A Response to Charlottesville Voilence

The change we need will take more than words. The president of our church’s denomination, Converge, suggests four responses.

I grew up in Virginia. Specifically, I grew up in the western part, the Shenandoah Valley, where I lived the first 24 years of my life. The area is stunningly picturesque, particularly in October, when the leaves turn to an orchestra of color. I love that part of the country. It is tranquil and beautiful.

So it grieved me greatly when I read the news of the violent and ugly events in Charlottesville this weekend.  One person was killed and 19 others injured when a driver, fueled with hate, intentionally slammed his car into a crowd of counter-protesters. This was the predictable and tragic result of an unlawful but well-communicated rally, designed and built to promote a message of white supremacy and hate. The Governor of Virginia, the Mayor of Charlottesville and many other politicians were quick to condemn the actions of the driver and many others who provoked violent skirmishes leading up to this devastating act.

However, as we have learned over several decades, words of condemnation will never be enough.

Change will take more than words

I was in one of our West Coast Converge churches this weekend where the pastor had the boldness to address the Charlottesville incident and issue of racism in our country. First, let me say I am grateful for his initiative and courage, because I imagine many pastors were unsure about how to approach this kind of violence―again. He reminded us that what seems to be an issue based on difference in outward appearances is, in reality, an inward sickness of the heart. He reminded us that every person was created in the image of God and has intrinsic value. He grieved over the treatment of African Americans and other minorities in our country and that he, as a Caucasian, has no way to grasp their consistent unfair treatment. He then condemned the cowardly actions of those who promote hatred, bigotry, prejudice, a sense of superiority and fear, and called on the congregation to search their hearts and to confess and repent their biases and to call on God to intervene in this situation as well as in our lives, relationships and communities. In other words, he led.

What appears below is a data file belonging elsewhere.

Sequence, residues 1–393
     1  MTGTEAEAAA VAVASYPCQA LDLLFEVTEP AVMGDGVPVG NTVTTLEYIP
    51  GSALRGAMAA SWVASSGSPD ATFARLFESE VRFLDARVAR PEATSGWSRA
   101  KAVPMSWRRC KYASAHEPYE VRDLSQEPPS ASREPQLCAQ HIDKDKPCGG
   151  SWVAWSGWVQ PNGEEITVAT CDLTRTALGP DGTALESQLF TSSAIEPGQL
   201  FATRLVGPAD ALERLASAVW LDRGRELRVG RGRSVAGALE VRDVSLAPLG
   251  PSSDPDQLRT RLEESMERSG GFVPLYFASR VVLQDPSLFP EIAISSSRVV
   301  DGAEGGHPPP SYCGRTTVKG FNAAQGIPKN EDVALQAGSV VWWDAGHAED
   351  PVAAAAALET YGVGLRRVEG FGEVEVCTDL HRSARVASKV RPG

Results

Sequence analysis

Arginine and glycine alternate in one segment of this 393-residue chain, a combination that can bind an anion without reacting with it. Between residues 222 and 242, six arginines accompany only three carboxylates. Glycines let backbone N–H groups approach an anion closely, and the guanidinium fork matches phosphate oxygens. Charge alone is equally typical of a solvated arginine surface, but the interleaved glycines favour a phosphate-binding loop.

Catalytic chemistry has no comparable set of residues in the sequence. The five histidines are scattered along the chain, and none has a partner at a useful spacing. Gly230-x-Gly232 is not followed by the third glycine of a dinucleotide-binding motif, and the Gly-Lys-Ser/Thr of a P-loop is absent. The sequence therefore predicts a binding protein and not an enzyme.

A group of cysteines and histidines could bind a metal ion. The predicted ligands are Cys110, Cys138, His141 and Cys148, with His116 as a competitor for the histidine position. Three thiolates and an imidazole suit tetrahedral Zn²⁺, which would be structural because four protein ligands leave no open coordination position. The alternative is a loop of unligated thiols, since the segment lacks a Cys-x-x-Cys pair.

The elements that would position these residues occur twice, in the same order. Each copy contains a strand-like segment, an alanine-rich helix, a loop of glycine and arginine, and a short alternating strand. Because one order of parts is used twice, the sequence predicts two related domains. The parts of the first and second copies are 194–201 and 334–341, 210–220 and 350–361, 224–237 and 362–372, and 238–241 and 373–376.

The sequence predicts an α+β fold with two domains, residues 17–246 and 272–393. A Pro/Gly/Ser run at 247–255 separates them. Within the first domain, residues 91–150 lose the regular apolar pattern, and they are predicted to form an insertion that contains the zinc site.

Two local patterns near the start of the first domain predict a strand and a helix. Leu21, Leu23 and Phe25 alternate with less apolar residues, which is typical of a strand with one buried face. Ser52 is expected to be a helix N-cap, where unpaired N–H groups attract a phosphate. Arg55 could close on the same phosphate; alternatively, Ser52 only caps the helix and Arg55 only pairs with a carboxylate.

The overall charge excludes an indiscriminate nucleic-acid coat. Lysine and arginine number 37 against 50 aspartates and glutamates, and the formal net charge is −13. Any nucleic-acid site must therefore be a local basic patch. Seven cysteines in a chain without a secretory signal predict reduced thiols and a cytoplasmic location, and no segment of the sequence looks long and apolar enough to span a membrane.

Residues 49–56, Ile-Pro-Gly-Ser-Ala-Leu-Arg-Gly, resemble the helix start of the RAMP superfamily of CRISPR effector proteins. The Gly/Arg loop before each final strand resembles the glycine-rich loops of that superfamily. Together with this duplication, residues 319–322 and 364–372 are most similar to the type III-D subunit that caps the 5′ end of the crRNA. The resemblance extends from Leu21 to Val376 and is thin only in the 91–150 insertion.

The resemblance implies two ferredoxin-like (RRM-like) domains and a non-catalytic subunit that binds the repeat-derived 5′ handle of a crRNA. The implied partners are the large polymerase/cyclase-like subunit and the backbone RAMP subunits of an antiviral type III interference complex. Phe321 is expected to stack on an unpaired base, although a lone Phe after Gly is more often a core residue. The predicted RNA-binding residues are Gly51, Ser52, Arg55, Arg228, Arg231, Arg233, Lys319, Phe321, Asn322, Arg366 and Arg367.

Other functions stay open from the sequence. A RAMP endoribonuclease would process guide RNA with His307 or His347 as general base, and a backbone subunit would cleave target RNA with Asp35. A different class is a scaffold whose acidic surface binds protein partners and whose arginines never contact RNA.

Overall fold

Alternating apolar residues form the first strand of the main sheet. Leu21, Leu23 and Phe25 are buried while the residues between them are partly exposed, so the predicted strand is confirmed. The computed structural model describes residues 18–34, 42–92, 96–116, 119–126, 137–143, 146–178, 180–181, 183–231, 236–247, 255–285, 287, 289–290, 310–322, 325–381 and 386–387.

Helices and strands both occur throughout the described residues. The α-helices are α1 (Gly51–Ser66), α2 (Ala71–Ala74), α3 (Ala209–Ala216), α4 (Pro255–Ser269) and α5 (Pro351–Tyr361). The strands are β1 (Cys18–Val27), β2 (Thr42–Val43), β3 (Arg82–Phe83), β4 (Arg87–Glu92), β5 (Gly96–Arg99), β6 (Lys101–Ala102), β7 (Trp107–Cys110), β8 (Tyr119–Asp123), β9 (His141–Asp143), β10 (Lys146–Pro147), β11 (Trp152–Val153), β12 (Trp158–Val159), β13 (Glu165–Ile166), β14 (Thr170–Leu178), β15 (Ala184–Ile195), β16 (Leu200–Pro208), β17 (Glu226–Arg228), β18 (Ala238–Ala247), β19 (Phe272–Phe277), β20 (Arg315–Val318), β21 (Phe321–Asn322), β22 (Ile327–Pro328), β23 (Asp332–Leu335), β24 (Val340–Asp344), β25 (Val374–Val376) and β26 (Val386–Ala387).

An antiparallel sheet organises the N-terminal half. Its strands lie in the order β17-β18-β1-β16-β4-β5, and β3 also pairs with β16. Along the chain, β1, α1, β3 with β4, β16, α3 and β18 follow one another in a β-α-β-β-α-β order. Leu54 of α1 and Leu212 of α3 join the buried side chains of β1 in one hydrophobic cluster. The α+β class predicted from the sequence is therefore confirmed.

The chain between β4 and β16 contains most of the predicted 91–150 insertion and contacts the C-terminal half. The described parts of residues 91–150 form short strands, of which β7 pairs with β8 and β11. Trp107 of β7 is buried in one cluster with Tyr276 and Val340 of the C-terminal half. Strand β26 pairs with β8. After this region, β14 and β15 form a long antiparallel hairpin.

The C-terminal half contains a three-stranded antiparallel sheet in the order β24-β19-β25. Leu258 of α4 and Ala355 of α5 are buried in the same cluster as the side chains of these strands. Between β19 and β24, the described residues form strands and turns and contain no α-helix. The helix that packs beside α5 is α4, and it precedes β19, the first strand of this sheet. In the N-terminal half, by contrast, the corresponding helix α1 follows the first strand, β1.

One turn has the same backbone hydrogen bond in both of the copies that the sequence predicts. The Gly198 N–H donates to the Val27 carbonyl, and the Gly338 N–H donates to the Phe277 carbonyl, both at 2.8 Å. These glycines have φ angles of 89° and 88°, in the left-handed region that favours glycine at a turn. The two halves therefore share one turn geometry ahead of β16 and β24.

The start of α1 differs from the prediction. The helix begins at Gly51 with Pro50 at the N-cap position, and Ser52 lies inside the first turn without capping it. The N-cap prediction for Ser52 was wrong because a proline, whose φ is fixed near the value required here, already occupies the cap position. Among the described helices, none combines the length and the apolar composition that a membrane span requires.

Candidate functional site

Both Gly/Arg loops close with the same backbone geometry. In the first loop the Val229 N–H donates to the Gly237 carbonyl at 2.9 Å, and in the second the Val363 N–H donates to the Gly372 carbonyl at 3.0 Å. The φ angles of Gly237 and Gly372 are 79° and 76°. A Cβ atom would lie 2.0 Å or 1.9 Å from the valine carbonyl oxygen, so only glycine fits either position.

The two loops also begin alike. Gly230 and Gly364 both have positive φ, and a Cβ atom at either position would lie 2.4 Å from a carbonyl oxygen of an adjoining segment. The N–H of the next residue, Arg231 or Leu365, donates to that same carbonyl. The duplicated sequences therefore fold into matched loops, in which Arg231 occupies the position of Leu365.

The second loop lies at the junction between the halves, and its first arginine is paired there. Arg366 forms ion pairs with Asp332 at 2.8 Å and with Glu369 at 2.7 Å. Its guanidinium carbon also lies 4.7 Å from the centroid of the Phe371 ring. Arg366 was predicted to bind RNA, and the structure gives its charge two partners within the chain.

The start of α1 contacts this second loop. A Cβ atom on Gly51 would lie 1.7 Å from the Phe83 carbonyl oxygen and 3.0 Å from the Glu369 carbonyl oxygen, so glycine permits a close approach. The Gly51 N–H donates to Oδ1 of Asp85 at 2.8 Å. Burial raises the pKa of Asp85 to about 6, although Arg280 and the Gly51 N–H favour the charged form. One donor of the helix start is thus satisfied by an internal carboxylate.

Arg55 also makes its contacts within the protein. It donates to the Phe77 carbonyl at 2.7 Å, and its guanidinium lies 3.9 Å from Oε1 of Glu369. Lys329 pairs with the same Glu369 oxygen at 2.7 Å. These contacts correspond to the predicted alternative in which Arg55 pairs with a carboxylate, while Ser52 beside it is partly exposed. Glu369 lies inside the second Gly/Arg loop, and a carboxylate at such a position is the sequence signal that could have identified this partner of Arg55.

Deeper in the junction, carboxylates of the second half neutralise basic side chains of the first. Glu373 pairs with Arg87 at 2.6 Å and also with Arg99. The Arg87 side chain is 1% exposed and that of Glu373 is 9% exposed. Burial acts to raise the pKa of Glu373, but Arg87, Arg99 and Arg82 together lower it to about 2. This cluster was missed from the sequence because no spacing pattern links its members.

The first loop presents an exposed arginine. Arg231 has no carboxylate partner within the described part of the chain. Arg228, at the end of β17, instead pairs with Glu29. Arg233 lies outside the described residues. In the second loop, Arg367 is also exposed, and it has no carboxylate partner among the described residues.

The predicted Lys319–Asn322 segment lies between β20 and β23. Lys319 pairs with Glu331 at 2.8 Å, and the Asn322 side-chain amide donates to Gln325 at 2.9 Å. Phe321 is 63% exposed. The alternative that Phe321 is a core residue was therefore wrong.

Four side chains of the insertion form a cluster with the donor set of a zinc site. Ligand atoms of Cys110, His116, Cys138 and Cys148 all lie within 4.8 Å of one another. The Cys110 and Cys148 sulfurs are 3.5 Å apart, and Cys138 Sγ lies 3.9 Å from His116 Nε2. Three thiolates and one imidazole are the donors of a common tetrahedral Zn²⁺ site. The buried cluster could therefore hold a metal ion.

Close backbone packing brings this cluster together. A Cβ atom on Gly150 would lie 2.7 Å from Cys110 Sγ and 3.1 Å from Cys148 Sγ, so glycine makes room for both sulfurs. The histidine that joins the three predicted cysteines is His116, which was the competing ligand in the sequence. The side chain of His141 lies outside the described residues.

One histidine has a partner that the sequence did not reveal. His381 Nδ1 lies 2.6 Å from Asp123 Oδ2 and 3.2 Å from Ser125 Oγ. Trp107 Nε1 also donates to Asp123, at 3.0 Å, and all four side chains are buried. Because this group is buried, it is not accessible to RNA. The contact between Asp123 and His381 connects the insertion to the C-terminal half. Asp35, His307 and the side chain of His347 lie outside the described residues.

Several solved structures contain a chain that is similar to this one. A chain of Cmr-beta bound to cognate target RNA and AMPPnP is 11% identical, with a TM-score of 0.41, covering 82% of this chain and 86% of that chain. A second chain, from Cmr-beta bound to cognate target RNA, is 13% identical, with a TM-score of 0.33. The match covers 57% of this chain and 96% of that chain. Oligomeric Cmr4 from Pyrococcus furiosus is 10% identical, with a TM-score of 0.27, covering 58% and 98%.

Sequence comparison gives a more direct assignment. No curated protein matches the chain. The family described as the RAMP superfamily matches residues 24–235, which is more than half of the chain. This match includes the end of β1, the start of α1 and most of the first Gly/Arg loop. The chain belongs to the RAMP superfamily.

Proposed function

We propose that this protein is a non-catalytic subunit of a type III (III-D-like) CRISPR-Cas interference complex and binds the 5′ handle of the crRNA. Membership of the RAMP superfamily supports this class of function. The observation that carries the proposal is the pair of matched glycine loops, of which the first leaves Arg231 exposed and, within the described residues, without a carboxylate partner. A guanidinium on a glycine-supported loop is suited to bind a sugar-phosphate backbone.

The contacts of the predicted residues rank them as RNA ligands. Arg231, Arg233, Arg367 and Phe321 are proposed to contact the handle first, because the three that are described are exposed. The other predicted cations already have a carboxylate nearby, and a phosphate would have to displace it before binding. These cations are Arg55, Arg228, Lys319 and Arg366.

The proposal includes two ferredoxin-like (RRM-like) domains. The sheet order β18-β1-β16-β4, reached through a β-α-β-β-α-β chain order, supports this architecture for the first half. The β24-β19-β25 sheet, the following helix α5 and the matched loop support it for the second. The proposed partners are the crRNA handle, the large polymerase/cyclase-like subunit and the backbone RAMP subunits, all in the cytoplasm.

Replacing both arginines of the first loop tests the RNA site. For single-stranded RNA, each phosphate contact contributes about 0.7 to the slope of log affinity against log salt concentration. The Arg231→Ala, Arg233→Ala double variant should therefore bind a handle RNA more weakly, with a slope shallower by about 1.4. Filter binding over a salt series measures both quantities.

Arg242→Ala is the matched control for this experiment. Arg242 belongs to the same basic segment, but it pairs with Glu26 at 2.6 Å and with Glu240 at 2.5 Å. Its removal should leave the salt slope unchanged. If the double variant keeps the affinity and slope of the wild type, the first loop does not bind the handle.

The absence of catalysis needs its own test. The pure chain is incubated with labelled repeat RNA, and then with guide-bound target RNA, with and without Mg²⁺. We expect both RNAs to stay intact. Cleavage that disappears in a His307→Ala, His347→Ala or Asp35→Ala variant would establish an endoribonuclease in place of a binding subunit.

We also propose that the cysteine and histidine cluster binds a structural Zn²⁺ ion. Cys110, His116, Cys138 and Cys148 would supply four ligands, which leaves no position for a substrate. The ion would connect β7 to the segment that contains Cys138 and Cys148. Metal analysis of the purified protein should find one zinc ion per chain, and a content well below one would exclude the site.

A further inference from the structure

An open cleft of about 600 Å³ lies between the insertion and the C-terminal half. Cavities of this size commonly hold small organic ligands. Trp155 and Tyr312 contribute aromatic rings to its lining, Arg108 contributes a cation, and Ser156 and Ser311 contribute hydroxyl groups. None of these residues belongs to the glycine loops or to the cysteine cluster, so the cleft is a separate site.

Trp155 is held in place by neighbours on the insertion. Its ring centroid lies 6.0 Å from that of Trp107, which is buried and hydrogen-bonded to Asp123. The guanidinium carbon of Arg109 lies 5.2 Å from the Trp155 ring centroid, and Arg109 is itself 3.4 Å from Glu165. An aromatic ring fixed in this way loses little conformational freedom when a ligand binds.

I recalled the words of the prophet Isaiah as he led the people of God in his day. They had prayed and fasted. They had gone through their religious rituals and routines. They had given their tithes and offerings. Yet when God had not shown up in the way they had expected, they questioned him. God’s response to their questioning was that their religious efforts missed the mark.

“Is not this the kind of fasting I have chosen: to loose the chains of injustice and untie the cords of the yoke, to set the oppressed free and break every yoke? Is it not to share your food with the hungry and to provide the poor wanderer with shelter–when you see the naked, to clothe them, and not to turn away from your own flesh and blood? Then your light will break forth like the dawn, and your healing will quickly appear; then your righteousness will go before you, and the glory of the Lord will be your rear guard. Then you will call, and the Lord will answer; you will cry for help, and he will say: Here am I” (Isa. 58:6-9).